04 Sep 2018
Berkane, Morocco
Resource Efficiency and Sustainable Waste Management

Faiza Hajji had a brainwave when, as a child, she saw a traditionally woven Moroccan bread basket. Why not use those same handicraft techniques to convert plastic bags a long-time scourge on the picturesque face of Morocco into bag design products? Hajji developed the concept while studying in Paris before returning home to found Ifassen (hands, in Berber), an organization that trains and employs women in rural communities to produce the bags.

Ifassen distributes its social impact broadly. Women receive vocational education and an extra source of income, while children learn more about Moroccan culture and recycling through a range of outreach programs. Now Hajji wants to continue Ifassen’s rise, refining its business model so that it can turn consistent profits.

Faiza Hajji’s journey to founding Ifassen, a non-profit organization that converts plastic waste into reuseable shopping bags and fashion accessories, began when a patient of her mother’s could not cover a medical bill. As a child, she recalls the Moroccan woman offering a bread basket made from recycled materials in lieu of money. “Seeing that basket made me think that we could do the same thing with plastic bags,” Hajji says.

Morocco has a chequered relationship with plastic bags, a notorious contributor to environmental damage. When Hajji conceived the idea for Ifassen back in 2006, Morocco was the world’s second-highest per capita consumer of single-use plastic bags. In 2016, Al Jazeera reported that each Moroccan citizen used an average of 900 plastic bags per year. The North African country has made several attempts to reduce this social problem, culminating in a 2016 blanket ban on plastic bag production, importation and sale.

These reforms have not taken hold overnight though plastic bags remain available for now. Ifassen plays a valuable role in changing local attitudes to plastic waste, while also empowering women in poorer communities by providing vocational training to its workers. “Our organization is not just about selling bags,” Hajji says. “We take more of a holistic approach.”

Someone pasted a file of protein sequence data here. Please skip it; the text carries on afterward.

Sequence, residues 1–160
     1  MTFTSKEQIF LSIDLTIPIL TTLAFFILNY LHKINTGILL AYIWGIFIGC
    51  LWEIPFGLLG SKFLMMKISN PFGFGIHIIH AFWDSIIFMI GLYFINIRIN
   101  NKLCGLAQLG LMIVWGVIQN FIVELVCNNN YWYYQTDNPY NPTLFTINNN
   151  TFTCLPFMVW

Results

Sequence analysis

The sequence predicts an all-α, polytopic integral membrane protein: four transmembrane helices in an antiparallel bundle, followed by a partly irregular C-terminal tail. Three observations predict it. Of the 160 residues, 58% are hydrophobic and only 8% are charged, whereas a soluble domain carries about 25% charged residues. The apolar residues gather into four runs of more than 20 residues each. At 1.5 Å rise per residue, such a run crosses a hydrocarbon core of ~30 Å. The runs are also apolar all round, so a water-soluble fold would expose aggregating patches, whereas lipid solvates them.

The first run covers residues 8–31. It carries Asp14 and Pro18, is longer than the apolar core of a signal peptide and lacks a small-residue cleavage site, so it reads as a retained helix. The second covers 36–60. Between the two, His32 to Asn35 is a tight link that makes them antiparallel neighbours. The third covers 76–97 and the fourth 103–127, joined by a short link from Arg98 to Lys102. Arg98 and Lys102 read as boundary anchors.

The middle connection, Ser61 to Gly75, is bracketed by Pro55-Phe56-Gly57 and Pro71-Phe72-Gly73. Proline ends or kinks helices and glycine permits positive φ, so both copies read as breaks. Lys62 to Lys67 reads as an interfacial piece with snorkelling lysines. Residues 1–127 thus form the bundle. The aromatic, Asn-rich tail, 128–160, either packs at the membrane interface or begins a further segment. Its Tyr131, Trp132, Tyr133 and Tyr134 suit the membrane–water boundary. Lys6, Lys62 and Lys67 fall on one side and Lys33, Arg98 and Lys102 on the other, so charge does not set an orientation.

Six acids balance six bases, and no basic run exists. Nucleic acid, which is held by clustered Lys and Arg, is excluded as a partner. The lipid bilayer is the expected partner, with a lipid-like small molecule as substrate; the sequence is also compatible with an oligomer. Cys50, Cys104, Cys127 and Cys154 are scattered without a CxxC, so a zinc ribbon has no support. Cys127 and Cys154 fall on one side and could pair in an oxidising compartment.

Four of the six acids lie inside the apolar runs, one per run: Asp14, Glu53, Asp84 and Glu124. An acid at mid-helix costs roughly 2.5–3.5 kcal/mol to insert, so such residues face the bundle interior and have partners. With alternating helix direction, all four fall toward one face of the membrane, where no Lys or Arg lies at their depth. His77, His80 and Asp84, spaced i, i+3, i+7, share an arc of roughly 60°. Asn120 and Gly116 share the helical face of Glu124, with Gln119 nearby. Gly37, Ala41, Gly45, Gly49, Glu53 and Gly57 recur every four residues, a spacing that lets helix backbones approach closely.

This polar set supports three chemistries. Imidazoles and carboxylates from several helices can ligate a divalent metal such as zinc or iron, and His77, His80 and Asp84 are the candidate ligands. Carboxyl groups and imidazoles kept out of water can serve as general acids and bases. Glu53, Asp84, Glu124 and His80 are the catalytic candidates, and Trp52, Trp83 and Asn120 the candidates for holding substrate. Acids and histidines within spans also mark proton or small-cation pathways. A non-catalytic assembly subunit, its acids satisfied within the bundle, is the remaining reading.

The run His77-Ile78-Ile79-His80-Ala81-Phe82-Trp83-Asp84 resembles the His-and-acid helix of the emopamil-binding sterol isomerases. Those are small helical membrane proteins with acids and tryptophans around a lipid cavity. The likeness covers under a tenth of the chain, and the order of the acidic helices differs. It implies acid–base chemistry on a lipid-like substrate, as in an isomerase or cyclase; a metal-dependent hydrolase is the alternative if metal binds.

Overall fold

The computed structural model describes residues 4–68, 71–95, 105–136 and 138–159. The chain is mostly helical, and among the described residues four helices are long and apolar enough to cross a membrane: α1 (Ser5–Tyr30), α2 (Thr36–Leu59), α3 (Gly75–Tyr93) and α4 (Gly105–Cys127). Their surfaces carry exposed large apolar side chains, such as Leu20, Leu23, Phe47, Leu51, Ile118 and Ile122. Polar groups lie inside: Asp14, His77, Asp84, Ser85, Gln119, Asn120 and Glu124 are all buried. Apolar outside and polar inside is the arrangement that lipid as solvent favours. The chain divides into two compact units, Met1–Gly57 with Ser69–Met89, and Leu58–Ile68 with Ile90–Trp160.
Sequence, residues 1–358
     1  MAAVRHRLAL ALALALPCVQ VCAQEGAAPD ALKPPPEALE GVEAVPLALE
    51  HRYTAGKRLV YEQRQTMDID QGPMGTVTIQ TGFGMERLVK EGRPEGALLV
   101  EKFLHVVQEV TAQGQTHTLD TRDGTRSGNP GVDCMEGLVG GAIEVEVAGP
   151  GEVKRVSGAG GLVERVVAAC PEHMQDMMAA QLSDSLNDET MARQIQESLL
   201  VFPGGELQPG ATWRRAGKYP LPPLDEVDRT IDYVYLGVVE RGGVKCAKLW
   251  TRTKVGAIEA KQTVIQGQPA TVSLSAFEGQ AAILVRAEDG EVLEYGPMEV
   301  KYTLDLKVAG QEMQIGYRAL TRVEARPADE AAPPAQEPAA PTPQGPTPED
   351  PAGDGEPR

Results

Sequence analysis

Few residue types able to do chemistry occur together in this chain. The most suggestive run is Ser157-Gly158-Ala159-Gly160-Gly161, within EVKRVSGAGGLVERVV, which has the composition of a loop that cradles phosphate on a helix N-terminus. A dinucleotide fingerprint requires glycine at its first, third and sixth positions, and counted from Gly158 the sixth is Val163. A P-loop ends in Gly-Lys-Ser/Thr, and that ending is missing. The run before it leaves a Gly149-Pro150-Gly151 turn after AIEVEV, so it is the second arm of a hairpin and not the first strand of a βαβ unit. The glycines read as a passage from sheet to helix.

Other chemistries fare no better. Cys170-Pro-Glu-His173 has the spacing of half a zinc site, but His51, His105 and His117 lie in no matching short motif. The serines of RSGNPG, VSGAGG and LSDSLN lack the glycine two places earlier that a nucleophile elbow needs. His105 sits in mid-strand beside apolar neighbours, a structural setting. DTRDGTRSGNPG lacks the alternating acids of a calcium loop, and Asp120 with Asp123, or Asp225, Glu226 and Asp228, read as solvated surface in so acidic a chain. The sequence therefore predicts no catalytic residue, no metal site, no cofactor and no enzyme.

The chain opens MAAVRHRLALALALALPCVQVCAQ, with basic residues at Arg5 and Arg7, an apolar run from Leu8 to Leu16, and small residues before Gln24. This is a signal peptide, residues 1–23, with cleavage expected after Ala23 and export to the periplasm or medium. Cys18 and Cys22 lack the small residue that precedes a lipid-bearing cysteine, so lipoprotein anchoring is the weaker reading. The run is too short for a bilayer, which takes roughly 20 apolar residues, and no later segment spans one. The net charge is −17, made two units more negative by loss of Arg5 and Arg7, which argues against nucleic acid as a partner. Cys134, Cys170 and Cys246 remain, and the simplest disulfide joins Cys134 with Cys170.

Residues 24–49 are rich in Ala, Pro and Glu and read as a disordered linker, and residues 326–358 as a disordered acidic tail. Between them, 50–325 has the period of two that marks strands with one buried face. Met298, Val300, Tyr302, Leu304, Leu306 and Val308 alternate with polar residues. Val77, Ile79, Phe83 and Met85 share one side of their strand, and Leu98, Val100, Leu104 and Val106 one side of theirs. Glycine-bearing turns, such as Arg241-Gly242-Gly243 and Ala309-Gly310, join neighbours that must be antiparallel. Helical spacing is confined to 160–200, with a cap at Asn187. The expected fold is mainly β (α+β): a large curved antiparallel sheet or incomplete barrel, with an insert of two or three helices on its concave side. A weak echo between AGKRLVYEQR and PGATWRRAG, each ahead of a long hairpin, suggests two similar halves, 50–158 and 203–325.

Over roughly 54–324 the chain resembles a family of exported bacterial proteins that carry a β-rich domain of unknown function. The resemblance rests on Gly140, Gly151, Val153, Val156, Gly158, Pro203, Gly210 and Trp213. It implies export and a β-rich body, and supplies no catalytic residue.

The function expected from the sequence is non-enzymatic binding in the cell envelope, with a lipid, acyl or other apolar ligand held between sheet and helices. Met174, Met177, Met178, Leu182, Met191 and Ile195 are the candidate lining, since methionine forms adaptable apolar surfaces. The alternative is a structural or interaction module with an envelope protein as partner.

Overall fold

From French university to Moroccan village:

Inspired by her mother’s bread basket, Hajji developed her business concept for recyclable bags while completing her engineering degree in France. Her prototype bag won first prize in a student design contest, which led to other designers contacting her with a view to collaborating on the project. Hajji’s concept continued to attract financial grants, and even featured at the fashion show, Paris Prêt á Porter, in 2008.

In 2006, Hajji returned to Morocco to implement the second element of her vision training local women in rural areas to handle the bag manufacturing process. Employees receive vocational training in creating bags with traditional weaving techniques, but Ifassen also has one eye firmly trained on the future. Soon, Ifassen’s staff will learn how to use 3D printers, which will play an important role in manufacturing a new interior design object featuring, of course, elements of Ifassen’s signature Moroccan weaving.

At present, Ifassen works with a total of 60 women spread across three communities in Chouihia, a town in far northeastern Morocco. Each workshop draws plastic waste from the local community, receiving valuable assistance from government authorities, “eco-families” and even dry cleaners who, perhaps unsurprisingly, have a surplus of used plastic wrapping.

The SwitchMed initiative, the umbrella networking group under which The Switchers project falls, has also given financial assistance to Ifassen, helping Hajji and her staff purchase high-quality flour bags to convert into durable shopping carriers.